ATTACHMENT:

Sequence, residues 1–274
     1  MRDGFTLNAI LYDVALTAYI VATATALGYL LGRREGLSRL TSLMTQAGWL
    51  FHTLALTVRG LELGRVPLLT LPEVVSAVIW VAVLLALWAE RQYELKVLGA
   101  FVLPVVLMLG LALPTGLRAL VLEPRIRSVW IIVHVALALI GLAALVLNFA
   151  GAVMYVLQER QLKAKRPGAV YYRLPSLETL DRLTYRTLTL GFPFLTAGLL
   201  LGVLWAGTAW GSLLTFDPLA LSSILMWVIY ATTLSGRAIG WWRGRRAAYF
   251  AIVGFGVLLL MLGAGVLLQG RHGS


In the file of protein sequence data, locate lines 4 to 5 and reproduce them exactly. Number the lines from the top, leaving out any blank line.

   101  FVLPVVLMLG LALPTGLRAL VLEPRIRSVW IIVHVALALI GLAALVLNFA
   151  GAVMYVLQER QLKAKRPGAV YYRLPSLETL DRLTYRTLTL GFPFLTAGLL